The art market's (mis)trust in science
Here at Hephaestus, the London and New York-based art authentication service, we have seen many forgeries accompanied by scientific reports, replete with incorrect, unscientific conclusions. Regrettably, instances of unscientifically applied science have created a pervasive notion that scientific methods are inconclusive and inaccurate. We are troubled by the resulting reluctance to use scientific methods, especially as they are often able to reveal forgeries at the highest levels of the art world. As depicted in the recent Netflix documentary Made You Look, it was scientific analysis that revealed that the expressionist paintings sold by the Knoedler Gallery with the blessing of the world’s experts were forgeries produced by Pei Shen Qian in his Queens, NY garage. And more recently, it was science that shone a light on a series of Old Master forgeries exhibited in major museums including the National Gallery, the Metropolitan Museum, and the Kunsthistorisches Museum.
Where and how is science being misapplied?
From a material perspective, paintings are complex objects: they are a blend of organic and inorganic materials, combined and layered in various ways. Over time pigments fade, varnishes discolour, and the painting may undergo restoration, adding new materials into the mix. Methods of sampling, detecting, and identifying these materials are well established; however, it is important to note that each technique has its own level of precision that can lead to surprising differences in outcome. To illustrate, imagine a photograph of a person wearing a purple jacket printed in a newspaper. From a reader’s perspective the colour is objectively purple, but this changes when we view the newsprint up-close, using a more precise tool, say, a magnifying glass. Provided the printer used the 4-colour process, you will see spots of different colours that blur and mix together into the colour we perceive as solid purple.
Similarly, different scientific techniques have different resolving powers. In the case of pigment analysis, one technique might simply detect the presence of lead in a white section of the painting, suggesting that the artist used lead white pigment. However, if you were to use a more precise tool or technique, you may identify trace elements that suggest that the lead white is of modern origin and not produced using the traditional “stack” process. Neither result is wrong per se, but the precision of an instrument can make a world of difference. Drawing conclusions from a simple list of pigments is at best imprecise and unreliable, and at worst, misleading and inconclusive. Unfortunately, many of the reports we have seen linked to inauthentic works used analytical techniques that extend these kinds of fallacies.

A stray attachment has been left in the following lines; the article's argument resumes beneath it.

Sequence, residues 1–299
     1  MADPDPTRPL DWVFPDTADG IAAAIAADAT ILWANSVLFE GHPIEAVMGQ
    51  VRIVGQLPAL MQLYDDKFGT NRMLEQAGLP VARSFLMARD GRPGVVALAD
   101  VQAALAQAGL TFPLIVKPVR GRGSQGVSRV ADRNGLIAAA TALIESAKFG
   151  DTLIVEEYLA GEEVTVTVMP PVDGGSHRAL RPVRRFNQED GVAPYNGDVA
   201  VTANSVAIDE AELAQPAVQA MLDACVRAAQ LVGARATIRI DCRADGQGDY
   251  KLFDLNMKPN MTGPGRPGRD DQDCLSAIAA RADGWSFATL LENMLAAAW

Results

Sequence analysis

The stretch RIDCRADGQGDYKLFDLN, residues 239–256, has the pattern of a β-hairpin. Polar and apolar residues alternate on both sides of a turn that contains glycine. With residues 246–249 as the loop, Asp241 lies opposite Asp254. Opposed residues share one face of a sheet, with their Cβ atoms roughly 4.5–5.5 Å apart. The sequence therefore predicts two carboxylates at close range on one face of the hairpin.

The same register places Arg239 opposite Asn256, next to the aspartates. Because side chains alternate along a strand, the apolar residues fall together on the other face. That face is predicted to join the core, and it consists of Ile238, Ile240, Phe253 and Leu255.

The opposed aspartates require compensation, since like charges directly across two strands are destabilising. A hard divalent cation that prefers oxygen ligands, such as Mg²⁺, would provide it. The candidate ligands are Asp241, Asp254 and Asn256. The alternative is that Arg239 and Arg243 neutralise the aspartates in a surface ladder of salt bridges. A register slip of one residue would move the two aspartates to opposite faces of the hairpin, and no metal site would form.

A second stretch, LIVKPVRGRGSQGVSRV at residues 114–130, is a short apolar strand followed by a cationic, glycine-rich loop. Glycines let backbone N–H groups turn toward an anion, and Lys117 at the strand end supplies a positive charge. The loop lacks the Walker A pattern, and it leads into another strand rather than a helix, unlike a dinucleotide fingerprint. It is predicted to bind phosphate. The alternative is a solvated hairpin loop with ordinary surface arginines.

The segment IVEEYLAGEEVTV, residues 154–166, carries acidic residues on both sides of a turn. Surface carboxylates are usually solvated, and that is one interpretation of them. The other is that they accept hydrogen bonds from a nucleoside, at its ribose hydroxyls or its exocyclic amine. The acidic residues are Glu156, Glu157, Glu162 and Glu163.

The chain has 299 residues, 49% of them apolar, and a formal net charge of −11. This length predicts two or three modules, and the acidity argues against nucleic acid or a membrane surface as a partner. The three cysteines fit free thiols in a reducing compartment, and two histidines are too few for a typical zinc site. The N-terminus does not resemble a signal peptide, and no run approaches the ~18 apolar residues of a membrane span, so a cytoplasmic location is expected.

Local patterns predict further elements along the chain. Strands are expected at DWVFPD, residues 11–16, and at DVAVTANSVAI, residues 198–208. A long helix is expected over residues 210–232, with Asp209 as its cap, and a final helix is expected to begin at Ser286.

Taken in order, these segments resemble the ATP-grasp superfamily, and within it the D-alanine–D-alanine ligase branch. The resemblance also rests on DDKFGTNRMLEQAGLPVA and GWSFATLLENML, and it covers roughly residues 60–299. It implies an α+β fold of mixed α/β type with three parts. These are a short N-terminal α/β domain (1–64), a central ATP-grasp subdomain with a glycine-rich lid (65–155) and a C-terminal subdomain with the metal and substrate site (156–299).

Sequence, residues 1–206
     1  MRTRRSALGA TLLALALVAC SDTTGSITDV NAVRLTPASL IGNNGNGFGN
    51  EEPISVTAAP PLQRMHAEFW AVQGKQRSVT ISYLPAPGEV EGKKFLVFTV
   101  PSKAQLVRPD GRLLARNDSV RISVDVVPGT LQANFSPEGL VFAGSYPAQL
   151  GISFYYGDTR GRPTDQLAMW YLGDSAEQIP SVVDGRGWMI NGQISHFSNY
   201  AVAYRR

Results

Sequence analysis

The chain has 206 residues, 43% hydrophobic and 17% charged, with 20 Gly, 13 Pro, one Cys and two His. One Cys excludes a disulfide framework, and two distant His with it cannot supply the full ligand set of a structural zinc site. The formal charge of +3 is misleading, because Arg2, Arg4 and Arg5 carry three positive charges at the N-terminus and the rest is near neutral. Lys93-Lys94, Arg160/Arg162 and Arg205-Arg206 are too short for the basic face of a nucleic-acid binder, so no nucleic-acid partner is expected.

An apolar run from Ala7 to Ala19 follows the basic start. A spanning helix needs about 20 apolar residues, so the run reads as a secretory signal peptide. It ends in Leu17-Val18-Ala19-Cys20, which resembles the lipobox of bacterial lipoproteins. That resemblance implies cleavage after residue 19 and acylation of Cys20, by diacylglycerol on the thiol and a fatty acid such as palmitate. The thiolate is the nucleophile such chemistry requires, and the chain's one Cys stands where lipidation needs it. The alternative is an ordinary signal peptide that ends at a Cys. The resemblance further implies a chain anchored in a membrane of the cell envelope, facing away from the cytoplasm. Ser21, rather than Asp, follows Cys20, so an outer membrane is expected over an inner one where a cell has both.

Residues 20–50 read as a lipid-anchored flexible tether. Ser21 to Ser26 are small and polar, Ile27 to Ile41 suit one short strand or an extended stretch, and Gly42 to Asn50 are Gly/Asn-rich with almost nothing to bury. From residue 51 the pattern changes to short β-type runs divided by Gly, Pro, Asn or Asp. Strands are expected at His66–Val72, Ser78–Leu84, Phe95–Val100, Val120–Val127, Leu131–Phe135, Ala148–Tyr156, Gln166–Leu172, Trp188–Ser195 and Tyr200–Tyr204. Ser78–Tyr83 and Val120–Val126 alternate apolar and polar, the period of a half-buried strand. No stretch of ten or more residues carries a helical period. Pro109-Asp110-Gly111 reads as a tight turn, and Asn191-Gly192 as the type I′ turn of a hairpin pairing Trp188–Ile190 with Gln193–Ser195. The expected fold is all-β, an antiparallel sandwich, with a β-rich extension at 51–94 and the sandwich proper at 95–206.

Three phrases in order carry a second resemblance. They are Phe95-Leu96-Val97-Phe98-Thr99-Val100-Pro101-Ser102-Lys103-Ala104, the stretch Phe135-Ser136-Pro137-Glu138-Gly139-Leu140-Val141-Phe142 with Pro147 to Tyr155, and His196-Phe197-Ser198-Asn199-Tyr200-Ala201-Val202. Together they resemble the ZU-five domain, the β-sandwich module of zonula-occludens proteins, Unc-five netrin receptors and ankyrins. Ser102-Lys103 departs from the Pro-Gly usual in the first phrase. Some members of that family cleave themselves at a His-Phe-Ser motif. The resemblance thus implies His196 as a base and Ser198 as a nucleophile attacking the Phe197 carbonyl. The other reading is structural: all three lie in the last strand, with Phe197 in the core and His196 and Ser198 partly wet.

A deep understanding of the chronology of pigments, when they were invented and became available, has been the main scientific weapon against the forger for decades. Although these tests have become increasingly sophisticated, they are no silver bullet: they should form one part of a carefully sequenced suite of tests. The first test should eliminate the majority of forgeries, with each successive technique bringing us closer and closer to certainty.
While connoisseurs study the surface of an artwork, looking for characteristic patterns and tell-tale signs that an artwork is genuine, technical art historians look for patterns below the surface, establishing whether the materials and technique present in the painting are consistent with other works by the artist. In cases where brazen anachronisms cannot be found, this comparative step using bonafide works as a standard, is how evidence for or against an attribution is built. For instance, you could compare the pigments the artist used in similar paintings, find similarities in artistic process across x-radiographs, or identify the characteristic type of canvas the artist liked to use. The more data available, the more likely significant patterns can be established.
The art market appears to be reluctant to accept the lengths that forgers go to create pictures that avoid detection. For example, it is not unusual to hear ‘a forger would never have thought of doing that’. Yet, a sophisticated, enterprising forger has access to the same reference material that a scientist or an expert does. Perhaps we underestimate forgers because the majority of those caught in recent years left glaringly obvious technical anachronisms in their works: for instance, Wolfgang Beltracchi used titanium white in paintings dated to before the development of the pigment. Forgers less prolific than Beltracchi could be far more sophisticated. If we take an x-ray of an artwork and find a painting underneath that matches a sketch in the artist’s sketchbook, is this irrefutable evidence that a painting is authentic? Or could the forger, knowing the artist’s habits and techniques, have left a trail of breadcrumbs for us to find and follow? The spirit of the scientific method since Descartes has always been one of rational skepticism. Sufficient unto the day are the scandals thereof; and those of us working to eliminate forgery in the art markets should maintain a healthy dose of skepticism, especially when purchasing objects we love.